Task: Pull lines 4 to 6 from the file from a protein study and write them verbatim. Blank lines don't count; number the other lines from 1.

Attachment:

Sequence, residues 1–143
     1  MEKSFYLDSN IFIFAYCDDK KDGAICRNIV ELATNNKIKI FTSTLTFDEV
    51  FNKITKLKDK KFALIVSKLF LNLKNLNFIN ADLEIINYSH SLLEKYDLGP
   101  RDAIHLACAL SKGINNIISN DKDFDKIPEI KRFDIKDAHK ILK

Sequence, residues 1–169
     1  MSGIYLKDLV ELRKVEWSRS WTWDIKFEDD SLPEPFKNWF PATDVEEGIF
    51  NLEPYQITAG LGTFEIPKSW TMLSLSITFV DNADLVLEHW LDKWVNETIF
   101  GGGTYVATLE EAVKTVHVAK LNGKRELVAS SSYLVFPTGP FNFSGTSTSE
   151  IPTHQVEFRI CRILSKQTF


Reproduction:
   101  RDAIHLACAL SKGINNIISN DKDFDKIPEI KRFDIKDAHK ILK

Sequence, residues 1–169
     1  MSGIYLKDLV ELRKVEWSRS WTWDIKFEDD SLPEPFKNWF PATDVEEGIF